- Egyptian President Mohamed Morsi recently reversed a Constitutional Court ruling declaring the parliament unconstitutional. We talk with Seif Da’na.
- With all the extreme weather we have been seeing across the US the discussion of climate change has been conspicuously absent. We talk about the issue with Neil deMause.
Quote: (Seif said this prior to the most recent events but I leave it here because it explains some context) “Egypt’s SCAF [Supreme Council of the Armed Forces] exploited the transitional period and people’s faith in the armed forces to abort the revolution through a slowly, but well-planned coup. The outcome is a major setback to the revolution in Egypt and the region, but might result in significantly weakening the Muslim Brotherhood, whose performance during this period not only divided the revolution camp but also enabled SCAF to carry out its premeditated scheme. “On June 14, 2012, SCAF initiated what most commentators, as well as Egypt’s activists, believe was nothing less than a coup d’etat. Egypt’s High Constitutional Court, whose justices are remnants of Mubarak’s regime, dissolved the newly democratically elected parliament. Later, the Minister of Interior Affairs issued a decree empowering military police and intelligence to indefinably arrest any person considered a threat to public order, which restores the 30-year-old emergency law that was revoked a few weeks ago due to activists’ pressure. “On the eve of the run-off election, the coup was completed with SCAF’s second constitutional declaration that basically revokes the president’s power and places him under its power, in addition to taking over the legislative power of the dissolved Parliament. This renders an expected victory of Mohammad Mursi (the Muslim Brotherhood candidate) rather insignificant (the official results of the runoff elections are scheduled to be announced on Thursday, but both campaigns contest the claims of the other).” See on twitter: http://twitter.com/#!/accuracy/egypt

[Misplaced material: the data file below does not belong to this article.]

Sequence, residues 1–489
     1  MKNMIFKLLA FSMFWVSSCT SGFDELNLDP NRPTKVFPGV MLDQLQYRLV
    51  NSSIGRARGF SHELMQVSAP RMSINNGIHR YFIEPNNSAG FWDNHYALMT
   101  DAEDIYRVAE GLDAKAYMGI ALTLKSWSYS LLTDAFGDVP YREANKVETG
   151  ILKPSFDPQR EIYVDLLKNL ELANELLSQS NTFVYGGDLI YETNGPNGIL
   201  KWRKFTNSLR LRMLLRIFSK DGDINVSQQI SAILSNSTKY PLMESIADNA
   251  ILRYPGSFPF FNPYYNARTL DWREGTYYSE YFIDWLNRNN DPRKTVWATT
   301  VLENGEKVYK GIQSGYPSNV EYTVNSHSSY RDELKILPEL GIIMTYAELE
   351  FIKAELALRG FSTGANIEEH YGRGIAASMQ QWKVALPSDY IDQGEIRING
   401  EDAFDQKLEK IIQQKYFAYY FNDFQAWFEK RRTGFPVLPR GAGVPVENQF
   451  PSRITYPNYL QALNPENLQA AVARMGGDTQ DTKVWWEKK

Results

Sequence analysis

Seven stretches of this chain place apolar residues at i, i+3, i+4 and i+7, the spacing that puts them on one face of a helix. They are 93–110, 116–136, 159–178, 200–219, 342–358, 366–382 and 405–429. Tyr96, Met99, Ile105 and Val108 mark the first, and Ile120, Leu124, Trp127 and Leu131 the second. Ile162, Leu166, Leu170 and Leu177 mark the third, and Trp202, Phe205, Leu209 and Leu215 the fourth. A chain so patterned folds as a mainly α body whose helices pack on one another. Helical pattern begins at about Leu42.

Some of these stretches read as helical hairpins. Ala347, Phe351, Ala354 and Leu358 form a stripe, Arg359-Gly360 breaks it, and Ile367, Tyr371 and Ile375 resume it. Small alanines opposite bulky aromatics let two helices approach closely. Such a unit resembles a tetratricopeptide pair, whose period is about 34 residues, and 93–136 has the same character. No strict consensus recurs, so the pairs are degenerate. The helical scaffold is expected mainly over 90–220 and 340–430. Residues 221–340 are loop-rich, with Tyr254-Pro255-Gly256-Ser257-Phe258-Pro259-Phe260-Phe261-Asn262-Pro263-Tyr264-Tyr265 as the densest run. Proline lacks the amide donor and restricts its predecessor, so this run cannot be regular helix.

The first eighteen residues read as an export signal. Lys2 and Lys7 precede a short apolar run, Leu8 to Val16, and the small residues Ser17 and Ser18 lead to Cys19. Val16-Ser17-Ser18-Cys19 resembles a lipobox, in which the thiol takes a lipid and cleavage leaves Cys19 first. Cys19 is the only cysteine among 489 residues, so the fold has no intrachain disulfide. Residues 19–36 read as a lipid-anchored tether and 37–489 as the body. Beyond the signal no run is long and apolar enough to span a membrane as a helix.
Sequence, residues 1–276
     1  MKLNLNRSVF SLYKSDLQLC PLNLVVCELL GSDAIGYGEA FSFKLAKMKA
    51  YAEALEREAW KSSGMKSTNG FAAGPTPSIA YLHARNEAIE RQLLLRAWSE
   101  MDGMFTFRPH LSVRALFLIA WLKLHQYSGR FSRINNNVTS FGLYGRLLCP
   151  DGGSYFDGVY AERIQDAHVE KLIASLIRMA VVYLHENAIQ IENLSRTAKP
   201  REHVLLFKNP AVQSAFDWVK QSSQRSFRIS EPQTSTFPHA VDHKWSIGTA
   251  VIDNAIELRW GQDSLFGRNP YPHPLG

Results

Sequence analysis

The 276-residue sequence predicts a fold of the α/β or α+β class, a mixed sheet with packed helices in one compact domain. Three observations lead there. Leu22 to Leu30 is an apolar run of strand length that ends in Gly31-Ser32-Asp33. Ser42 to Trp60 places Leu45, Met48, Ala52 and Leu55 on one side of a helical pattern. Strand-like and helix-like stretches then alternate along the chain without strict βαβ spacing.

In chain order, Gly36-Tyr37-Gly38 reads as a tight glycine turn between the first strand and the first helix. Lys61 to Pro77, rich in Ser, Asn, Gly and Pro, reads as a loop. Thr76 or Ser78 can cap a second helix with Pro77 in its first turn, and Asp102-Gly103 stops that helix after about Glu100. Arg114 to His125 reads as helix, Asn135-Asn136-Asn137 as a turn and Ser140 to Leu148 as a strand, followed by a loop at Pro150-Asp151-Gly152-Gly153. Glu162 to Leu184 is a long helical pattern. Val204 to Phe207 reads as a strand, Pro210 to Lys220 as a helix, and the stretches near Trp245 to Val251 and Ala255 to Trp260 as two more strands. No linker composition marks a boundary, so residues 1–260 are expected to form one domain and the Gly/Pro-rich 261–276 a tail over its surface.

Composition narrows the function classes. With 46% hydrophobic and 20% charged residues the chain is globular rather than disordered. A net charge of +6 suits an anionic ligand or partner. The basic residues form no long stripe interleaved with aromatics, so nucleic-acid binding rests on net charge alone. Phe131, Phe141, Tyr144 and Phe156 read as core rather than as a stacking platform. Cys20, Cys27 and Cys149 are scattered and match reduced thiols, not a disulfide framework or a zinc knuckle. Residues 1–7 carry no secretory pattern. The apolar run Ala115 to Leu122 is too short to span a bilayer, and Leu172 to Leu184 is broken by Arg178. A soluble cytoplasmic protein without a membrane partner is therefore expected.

Neil deMause is a Brooklyn-based journalist who has written extensively about climate change coverage for FAIR’s magazine Extra! — including the article “The Fires This Time: In coverage of extreme weather, media downplay climate change.”
Quote: “Despite overwhelming evidence that climate change is causing dramatic changes in weather patterns — from increasingly deadly heat waves and wildfires to hurricanes and tornadoes — media coverage has bent over backwards to avoid making the connection between extreme weather events and the warming climate. Instead, reporters have largely hidden behind the truism that there’s no way to say that any given event was caused by climate change. Yes, in the same way that it’s hard to show that any given person wouldn’t have gotten cancer without smoking cigarettes — but that doesn’t mean that journalists should avoid reporting that smoking kills.”